Meet Eugene Yoon
The East Bay humanitarian leverages fashion to help those in need.
Until he walked the length of the Pacific Crest Trail (PCT), Eugene Yoon says, “I didn’t truly understand the power of kindness.” He’d been a regular kid, who grew up in Castro Valley, went to college in Los Angeles, and then worked (like so many graduates in L.A.) in the film industry. However, his path took a detour in 2015. That’s the year he came across a video of Arthur Renowitzky, who’d attended Castro Valley High, Yoon’s alma mater; Renowitzky had been shot and was paralyzed below the waist but dreamed of walking again.
In response, Yoon was prompted to trek the PCT as a way to raise funds so his former schoolmate could buy robotic legs. During the six-month hike, Yoon posted updates on his progress, while donations kept pace. Strangers who saw his posts offered him meals, did his laundry, and asked if he wanted to crash at their houses. The benevolence he encountered was a revelation to the budding humanitarian. “It was an alternate universe,” he says.
Yoon found the chain of openheartedness so exhilarating that he rerouted his life yet again after completing the hike: He chose fashion to support his new habit of compassion. His resulting line of T-shirts and other apparel, called Kin Lov Gra—for “kindness, love, gratitude”—funds his philanthropy, including an ongoing Acts of Kindness marathon, in which he devotes his days to helping those in need.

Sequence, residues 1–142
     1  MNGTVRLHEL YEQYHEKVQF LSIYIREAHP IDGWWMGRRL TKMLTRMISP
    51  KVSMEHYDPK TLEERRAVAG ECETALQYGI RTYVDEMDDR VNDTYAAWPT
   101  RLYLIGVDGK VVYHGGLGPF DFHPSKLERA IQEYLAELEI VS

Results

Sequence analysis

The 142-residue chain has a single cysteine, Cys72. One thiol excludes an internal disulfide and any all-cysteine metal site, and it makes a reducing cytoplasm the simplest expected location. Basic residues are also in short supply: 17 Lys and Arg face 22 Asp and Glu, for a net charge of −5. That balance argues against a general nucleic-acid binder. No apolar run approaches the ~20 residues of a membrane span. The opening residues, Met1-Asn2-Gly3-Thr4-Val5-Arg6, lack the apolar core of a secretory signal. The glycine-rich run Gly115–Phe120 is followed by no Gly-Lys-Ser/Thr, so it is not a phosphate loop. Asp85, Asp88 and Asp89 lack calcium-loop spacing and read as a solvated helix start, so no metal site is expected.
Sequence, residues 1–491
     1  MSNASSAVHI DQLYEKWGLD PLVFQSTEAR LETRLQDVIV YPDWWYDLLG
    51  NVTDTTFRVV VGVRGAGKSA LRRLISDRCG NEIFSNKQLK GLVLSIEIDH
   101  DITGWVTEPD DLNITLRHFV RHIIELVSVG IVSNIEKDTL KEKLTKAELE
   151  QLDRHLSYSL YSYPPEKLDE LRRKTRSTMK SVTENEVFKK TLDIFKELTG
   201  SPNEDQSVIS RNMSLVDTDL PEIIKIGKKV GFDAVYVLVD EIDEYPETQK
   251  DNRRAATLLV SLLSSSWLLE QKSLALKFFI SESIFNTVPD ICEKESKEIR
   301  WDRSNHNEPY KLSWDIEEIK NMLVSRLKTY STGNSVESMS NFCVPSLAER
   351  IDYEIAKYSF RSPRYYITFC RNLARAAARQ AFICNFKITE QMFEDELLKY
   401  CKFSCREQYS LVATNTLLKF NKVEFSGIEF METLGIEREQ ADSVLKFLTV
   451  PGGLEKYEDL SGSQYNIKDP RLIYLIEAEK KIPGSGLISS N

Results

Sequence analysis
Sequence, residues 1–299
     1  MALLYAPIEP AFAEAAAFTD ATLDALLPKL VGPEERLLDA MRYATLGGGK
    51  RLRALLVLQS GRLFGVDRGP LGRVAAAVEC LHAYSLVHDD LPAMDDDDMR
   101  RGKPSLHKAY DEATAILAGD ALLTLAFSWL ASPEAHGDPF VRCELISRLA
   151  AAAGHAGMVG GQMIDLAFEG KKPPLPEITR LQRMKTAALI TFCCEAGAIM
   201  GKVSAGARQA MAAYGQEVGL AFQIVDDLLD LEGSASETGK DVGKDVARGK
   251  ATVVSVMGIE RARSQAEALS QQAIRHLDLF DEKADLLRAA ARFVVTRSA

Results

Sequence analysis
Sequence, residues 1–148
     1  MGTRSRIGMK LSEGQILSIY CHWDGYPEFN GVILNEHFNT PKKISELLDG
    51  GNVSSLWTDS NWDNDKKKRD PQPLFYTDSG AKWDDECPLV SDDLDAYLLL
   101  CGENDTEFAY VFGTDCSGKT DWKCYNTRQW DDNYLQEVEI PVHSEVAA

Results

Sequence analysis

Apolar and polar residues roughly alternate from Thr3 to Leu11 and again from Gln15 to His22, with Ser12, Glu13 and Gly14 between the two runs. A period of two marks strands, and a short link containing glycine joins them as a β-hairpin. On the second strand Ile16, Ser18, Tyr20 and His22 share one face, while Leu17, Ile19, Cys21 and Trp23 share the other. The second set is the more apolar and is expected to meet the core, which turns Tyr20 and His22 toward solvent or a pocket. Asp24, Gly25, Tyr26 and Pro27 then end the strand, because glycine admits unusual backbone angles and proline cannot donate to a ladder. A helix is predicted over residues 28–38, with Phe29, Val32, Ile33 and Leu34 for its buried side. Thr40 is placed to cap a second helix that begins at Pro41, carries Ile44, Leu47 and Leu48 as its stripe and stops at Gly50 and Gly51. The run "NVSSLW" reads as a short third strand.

“I used to have this image of Martin Luther King Jr., Gandhi, Mother Teresa—icons who felt unattainable to an everyday person like myself,” Yoon says. “I’ve learned you don’t have to be perfect, and in your brokenness or whatever state you’re in, you have the capacity to impact someone’s life.”
Small gestures loom large. Last year, while handing out lunches on L.A.’s Skid Row, Yoon was taken to a man too weak to emerge from his tent. “He was dying of AIDS, and after we had a conversation, I asked if I could share his story,” Yoon recalls. “In that moment, I could feel the energy shift. He said, ‘Yes, because then I would know my life meant something.’ He wanted to know that his life mattered.”
Next on Yoon’s agenda is a new series of Kin Lov Gra collections, starting with T-shirts and backpacks whose proceeds will fund school supplies for low-income districts in the Bay Area, L.A., and Denver. After that, he plans to finance hunger and sex-trafficking response efforts.
Yoon says he’s not using his film degree, but in his quietly dramatic gestures, you can see a filmmaker’s ability to find Mother Teresa in—as he calls himself—an everyday person. kinlovgra.com.